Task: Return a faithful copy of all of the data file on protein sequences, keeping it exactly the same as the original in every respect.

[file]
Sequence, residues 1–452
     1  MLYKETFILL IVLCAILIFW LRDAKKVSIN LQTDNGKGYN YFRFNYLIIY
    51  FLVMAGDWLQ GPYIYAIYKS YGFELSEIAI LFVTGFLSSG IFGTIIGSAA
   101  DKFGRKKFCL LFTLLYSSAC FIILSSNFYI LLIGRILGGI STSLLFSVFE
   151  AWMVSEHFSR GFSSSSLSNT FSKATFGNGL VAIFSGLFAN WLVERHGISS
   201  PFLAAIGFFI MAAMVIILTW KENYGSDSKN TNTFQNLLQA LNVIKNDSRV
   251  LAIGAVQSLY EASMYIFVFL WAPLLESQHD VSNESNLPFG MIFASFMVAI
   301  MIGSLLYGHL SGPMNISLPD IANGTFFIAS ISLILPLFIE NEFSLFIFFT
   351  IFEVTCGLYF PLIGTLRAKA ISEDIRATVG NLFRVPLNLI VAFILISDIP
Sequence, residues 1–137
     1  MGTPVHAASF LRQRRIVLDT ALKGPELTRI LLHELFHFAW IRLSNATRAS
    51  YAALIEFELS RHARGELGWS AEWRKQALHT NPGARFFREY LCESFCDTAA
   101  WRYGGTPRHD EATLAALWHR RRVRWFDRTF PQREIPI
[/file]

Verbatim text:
Sequence, residues 1–452
     1  MLYKETFILL IVLCAILIFW LRDAKKVSIN LQTDNGKGYN YFRFNYLIIY
    51  FLVMAGDWLQ GPYIYAIYKS YGFELSEIAI LFVTGFLSSG IFGTIIGSAA
   101  DKFGRKKFCL LFTLLYSSAC FIILSSNFYI LLIGRILGGI STSLLFSVFE
   151  AWMVSEHFSR GFSSSSLSNT FSKATFGNGL VAIFSGLFAN WLVERHGISS
   201  PFLAAIGFFI MAAMVIILTW KENYGSDSKN TNTFQNLLQA LNVIKNDSRV
   251  LAIGAVQSLY EASMYIFVFL WAPLLESQHD VSNESNLPFG MIFASFMVAI
   301  MIGSLLYGHL SGPMNISLPD IANGTFFIAS ISLILPLFIE NEFSLFIFFT
   351  IFEVTCGLYF PLIGTLRAKA ISEDIRATVG NLFRVPLNLI VAFILISDIP
Sequence, residues 1–137
     1  MGTPVHAASF LRQRRIVLDT ALKGPELTRI LLHELFHFAW IRLSNATRAS
    51  YAALIEFELS RHARGELGWS AEWRKQALHT NPGARFFREY LCESFCDTAA
   101  WRYGGTPRHD EATLAALWHR RRVRWFDRTF PQREIPI